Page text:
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Over the North Pacific in the middle of the night, we were catching up to a slower aircraft below us as we were coming up to a position-report waypoint. We listened out on the HF, and it was a MAC flight. He was obviously listening out as we gave our position report, and, shortly after, he came up on the air-to-air frequency. ... He asked: "Hey, what kind of an aircraft do you have with such a small amount of fuel?" ... We replied: "It's an A340 metric airplane, and the fuel is in kilograms." ... He said: "Oh. Now that makes sense." -- David Lamb, via e-mail More

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Years ago, working in the Delta radio shop, I had a VHF receiver tuned to an ATL tower frequency. Tower had an Eastern DC-9 go around twice. The second time, the DC-9 responded: "We can do this all afternoon if you like, but in a little while we are going to have to land and refuel." -- Lewis Linson, via e-mail More

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On a recent flight north of Florida, a Pilatus checked in with Jacksonville Centre: ... Pilatus: "Jack Centre, Pilatus N1234. FL 250, smooth ride, outside air temp -24 degrees Celsius." ... Jacksonville Centre: "Pilatus N1234, Jacksonville Centre. Roger. Recommend not rolling down your windows." ... Pilatus (after a short pause): "Say again for N1234." ... Centre: "It was an attempt at a joke." -- Alan Plaunt, via e-mail More

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An Air New Zealand DC-10 en route from Auckland to Honolulu was about to pass the southbound company flight in the early morning hours, and its crew was chatting with another flight on the inter-plane frequency. In short order, a Qantas aircraft joined the conversation. A bit later, a USAF MAC aircraft called in as the fourth. ... MAC: "Aahh, say, New Zeland 6: What type of aircraft are you?" ... NZ6 First Officer: "Stand by. I'll ask the flight engineer." ... [After a suitable pause.] ... "Aahh, DC-10" ... Deafening silence from the MAC. -- Gary Wright, via e-mail More

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Two airplanes took off from the same controlled airport right after each other -- one a Cessna 172, the other a Cessna 182. The first off was the Cessna 172 Skyhawk, followed a minute or so later by his buddy in the Cessna 182. Both were headed for the same destination airport. Just before the 182 left controlled air space, the tower controller asked the 182 driver if he had the Skyhawk at 12 o'clock one mile out. The 182 reported, "Looking. No contact yet." The 172 driver chimed in on the conversation and said, "Not to worry. I owe him money. He won't hit me!" True story. Towered airport was El Monte (KEMT); destination for both airplanes was Cable Airport (KCCB) in Upland, California. -- Doug Latch, via e-mail More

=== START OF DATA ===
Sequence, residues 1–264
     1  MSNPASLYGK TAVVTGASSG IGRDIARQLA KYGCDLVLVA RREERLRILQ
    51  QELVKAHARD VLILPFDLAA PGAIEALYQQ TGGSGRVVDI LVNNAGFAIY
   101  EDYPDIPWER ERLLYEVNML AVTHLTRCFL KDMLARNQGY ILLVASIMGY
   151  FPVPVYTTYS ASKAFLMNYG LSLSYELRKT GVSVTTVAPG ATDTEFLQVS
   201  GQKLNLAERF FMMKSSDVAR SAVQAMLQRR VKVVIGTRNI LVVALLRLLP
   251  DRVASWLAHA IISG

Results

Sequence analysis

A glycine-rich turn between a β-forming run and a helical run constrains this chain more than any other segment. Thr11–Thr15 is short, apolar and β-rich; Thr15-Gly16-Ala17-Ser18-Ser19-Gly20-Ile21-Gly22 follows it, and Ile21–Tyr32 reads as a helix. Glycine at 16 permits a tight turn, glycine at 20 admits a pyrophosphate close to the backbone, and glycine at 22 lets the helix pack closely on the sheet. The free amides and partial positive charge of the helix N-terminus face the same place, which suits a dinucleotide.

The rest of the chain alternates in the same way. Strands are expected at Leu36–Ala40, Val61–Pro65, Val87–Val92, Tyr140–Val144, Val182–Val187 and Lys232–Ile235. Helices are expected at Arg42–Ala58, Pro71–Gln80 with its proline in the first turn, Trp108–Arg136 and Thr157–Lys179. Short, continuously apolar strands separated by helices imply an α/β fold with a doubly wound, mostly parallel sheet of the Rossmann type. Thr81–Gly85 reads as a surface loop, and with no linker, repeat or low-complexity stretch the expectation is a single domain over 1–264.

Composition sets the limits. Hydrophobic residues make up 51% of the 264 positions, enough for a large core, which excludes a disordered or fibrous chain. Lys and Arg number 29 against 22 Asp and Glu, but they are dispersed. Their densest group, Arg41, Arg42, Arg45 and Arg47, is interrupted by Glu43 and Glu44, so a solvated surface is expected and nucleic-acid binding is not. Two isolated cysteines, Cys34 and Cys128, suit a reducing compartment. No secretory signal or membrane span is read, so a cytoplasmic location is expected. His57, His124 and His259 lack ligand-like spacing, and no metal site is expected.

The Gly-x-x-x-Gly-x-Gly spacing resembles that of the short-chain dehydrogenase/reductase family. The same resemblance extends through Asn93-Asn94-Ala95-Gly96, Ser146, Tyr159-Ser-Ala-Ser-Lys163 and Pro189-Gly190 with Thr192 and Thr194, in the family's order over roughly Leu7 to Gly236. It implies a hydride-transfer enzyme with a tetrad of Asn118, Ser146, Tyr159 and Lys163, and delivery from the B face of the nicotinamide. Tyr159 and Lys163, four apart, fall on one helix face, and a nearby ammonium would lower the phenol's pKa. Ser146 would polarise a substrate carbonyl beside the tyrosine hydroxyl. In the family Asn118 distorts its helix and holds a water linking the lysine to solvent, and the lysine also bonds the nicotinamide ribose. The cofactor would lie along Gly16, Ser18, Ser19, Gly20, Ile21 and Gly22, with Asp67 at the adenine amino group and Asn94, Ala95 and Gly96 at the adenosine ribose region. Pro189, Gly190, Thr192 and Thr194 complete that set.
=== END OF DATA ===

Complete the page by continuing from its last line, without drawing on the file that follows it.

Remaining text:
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Pilot: "Center, N12345." ... Center: "N12345, where have you been? We haven't heard from you in a while." ... Pilot: "I've been in Fort Myers for the last three months or so." ... Center: "N12345 " [Chuckles.] "No, you've been NORDO for the last 45 minutes; we haven't heard a communication from you. When did you last speak to a controller?" ... Pilot: "I guess 45 minutes ago." -- Susan Delgado, via e-mail More

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When arriving at the first stop on our pilots association's annual poker run, one of our pilots said on the frequency, for all to hear: "Geez. There's more than one runway here. That makes it kinda confusing." -- Gene Clifford, via e-mail (We love a pilot who accidentally says over the mic something everyone has thought at one time or another.) More

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Late on a low-traffic night, an Ozark flight requested landing instructions into Des Moines, reporting his altitude as 6,000 feet. He was given clearance since no other traffic was in the area. After a few seconds, the Ozark pilot again called, saying, "Uh, that 6,000 feet -- that shoulda been 5,000 feet. Gee, this thing's got a lot of dials and gauges!" Reply from the tower: "Uh, yeah!" -- Ron Morden, via e-mail More

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It was the late 1980s, and a Pan Am 727 was holding at Berlin Tegel. Another Pan Am 727 made a less than graceful arrival, clouds of smoke from the tires, clouds of smoke from the reversers, horizontal stab shaking alarmingly, and the whole thing bouncing around until it safely vacated the runway. ... The Holding Pan Am Aircraft, Over the Radio: "Is that you, Hank?" ... The New Arrival: "Yup." ... Holding Pan Am: "Anyone hurt?" ... New Arrival: "Nope." -- Pete Wild, via e-mail More

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Center asked an aircraft flying IFR: "Say altitude." ... and the pilot came back with: "Altitude." ... The controller at center did not miss a beat and came right back with: "Say 'cancel IFR.'" ... to which the pilot of the aircraft said correct altitude and "sorry" -- nothing more. ... Had to be some "got ya" laughs in aircraft on the same frequency. (By the way, it was MPLS Center.) -- Steve, via e-mail More